Any ideas of what to do next would be greatly appreciated! I let the FHA know that this type of deliberate indifference and derelict of duty would not be allowed in any other type of medical treatment setting. Therefore why is it allowed here in SMU2? If anyone has suggestions on how to proceed please contact MIM(Prisons) for me, thank you.


MIM(Prisons) responds: This writer provides yet another good example of the failure of prison grievance systems as well as the courts. In this case Arizona has set up a system that just wastes prisoners' time while offering no accountability, even when grievances and Court Orders are granted.

It is for situations like this that the campaign to demand our grievances be addressed was initiated. We have a petition pertaining to Arizona State Prison that could be modified for this battle in solitary confinement. While these petitions don't often win the battles for us immediately, they help us build support by spreading the campaign to others and giving them specific actions they can take. At the same time we're all too well aware that prisons don't have an interest in addressing grievances. Anything that costs more money or requires more services, or that forces COs to treat prisoners with respect and dignity, is going to be a hard battle. The criminal injustice system is set up to do the opposite, and so we will have to fight for each right. Write to us to get a copy of the Arizona petition to modify for this battle.

While grievances and courts fail, we learn the same lesson over and over again — that legal battles will not get us where we need to be, to a world without oppression. Court cases and grievance campaigns sometimes win some victories, that is true. But for long-lasting change we really need to organize with each other, build unity, educate and struggle together to force change. We hope this correspondent will take this failure of the courts as inspiration to try a different method of resolution.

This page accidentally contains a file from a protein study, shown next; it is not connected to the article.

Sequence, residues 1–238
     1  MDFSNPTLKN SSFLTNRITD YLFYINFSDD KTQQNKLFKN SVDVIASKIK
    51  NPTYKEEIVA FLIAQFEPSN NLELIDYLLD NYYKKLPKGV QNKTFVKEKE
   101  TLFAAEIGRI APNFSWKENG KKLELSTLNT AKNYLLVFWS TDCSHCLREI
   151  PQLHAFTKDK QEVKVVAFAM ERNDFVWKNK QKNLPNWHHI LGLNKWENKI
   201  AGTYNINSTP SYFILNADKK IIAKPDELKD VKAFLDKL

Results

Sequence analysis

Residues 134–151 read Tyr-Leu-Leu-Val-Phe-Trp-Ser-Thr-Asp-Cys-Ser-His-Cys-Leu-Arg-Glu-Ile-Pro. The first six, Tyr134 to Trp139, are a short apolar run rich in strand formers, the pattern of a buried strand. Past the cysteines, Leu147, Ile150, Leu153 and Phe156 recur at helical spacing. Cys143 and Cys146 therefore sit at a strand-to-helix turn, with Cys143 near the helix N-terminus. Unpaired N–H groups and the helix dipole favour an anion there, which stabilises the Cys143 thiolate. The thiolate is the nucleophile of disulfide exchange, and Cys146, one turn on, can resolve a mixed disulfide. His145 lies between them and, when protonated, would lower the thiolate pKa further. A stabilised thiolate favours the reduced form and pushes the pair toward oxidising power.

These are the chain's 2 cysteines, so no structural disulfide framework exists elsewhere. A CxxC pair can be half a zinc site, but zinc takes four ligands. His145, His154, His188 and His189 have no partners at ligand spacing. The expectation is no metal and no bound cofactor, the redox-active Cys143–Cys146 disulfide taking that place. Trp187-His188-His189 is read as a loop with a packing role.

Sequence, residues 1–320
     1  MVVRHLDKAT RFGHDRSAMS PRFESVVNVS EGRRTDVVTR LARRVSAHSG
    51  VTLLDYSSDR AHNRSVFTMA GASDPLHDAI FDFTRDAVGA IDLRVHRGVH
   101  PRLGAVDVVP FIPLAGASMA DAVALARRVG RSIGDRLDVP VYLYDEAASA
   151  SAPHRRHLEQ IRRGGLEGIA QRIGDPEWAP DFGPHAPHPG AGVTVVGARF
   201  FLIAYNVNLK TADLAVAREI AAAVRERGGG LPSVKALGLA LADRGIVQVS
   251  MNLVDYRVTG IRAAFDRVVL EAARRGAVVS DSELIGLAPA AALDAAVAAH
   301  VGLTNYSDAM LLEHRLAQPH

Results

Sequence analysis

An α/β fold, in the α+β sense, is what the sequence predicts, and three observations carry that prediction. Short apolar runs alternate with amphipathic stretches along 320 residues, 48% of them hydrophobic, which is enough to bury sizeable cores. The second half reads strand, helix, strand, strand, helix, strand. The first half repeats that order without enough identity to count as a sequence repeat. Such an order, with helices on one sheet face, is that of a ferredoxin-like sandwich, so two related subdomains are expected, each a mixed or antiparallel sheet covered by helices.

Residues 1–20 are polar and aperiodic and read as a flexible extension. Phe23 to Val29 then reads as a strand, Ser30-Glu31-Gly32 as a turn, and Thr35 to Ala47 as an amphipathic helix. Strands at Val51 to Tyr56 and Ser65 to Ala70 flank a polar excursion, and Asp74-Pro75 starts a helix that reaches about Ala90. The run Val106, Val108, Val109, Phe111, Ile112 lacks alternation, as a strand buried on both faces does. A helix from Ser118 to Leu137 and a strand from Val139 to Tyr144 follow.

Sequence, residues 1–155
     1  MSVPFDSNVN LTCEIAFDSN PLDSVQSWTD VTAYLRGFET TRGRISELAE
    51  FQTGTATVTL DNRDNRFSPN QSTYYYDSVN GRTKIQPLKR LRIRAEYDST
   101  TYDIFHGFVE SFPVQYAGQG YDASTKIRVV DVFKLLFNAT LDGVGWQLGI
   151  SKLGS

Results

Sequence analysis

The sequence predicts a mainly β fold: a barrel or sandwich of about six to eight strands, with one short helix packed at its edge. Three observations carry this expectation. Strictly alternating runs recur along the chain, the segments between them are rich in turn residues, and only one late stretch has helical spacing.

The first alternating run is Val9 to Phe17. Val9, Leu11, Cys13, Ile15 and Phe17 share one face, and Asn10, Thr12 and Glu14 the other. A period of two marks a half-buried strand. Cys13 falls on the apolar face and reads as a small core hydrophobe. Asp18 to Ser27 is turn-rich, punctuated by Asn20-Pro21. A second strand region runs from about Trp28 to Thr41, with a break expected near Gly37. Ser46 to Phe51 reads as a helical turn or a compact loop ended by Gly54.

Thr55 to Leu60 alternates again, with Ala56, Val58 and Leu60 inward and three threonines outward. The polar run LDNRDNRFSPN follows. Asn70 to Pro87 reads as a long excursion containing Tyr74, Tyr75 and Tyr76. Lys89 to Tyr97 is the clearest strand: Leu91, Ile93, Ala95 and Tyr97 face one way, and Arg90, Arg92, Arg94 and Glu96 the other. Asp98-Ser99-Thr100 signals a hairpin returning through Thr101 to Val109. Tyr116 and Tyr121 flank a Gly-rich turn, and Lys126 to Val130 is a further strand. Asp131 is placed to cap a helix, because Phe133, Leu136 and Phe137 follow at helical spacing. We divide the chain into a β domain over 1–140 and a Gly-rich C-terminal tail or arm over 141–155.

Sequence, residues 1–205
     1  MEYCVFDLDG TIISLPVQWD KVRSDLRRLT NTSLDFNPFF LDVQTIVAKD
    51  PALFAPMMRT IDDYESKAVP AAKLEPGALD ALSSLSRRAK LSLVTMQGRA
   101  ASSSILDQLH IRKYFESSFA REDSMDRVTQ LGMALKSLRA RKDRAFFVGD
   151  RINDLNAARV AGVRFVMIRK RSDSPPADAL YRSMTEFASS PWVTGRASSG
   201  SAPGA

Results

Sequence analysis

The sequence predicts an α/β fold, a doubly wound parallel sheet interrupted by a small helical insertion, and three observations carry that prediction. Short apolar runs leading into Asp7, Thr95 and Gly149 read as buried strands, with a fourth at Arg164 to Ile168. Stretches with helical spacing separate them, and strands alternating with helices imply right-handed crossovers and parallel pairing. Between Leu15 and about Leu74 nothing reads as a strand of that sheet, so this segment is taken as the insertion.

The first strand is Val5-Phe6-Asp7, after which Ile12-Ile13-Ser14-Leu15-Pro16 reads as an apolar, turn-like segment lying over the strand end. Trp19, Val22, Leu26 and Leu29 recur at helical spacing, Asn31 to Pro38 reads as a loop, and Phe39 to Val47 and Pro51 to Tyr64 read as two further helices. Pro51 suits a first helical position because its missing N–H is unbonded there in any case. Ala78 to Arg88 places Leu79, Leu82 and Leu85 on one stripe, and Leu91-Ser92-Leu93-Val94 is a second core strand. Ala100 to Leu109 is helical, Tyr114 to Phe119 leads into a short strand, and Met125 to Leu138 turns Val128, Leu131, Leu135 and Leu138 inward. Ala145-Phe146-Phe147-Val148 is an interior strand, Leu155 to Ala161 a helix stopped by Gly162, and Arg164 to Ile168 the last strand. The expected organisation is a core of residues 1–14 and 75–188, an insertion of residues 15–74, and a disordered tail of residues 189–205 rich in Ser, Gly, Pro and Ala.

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[Legal] [Medical Care]
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Americans with Disabilities Act Overview

Title II The Americans with Disabilities Act (ADA), codified as Title 42 of the United States Code, Section 12131 (42 USC §12131, herein after §12131), applies to "any State or local government, any department, agency, special purpose district, or other instrumentality of a State or States or local government..." (§12131[1][A][B]). The ADA defines a "qualified individual with a disability [as] an individual with a disability who, with or without reasonable modifications to rules, policies, or practices, the removal or architectural, communication, or transportation barriers, or the provision of auxiliary aids and services, meets the essential eligibility requirements for the receipt of services or the participation in program or activities provided by a public entity."(§12131[2]).

Disabled prisoners in state facilities come under the auspices of ADA provisions.

"[S]tate prisons fall squarely within definition in 42 USCS §12131(1)(B), of 'public entity' subject to Title II, (2) text of ADA provides no basis for distinguishing recreational activities, medical services, and educational and vocational programs provided to prison inmates from 'services, programs, or activities' provided by other public entities ...[.] [T]itle II's definition of 'qualified individual with disability' [...] which refers to 'disability' requirements and 'participation' in programs, does not exclude prisoners."(Penn. Doc v. Yeskey, 118 S.Ct. 1952)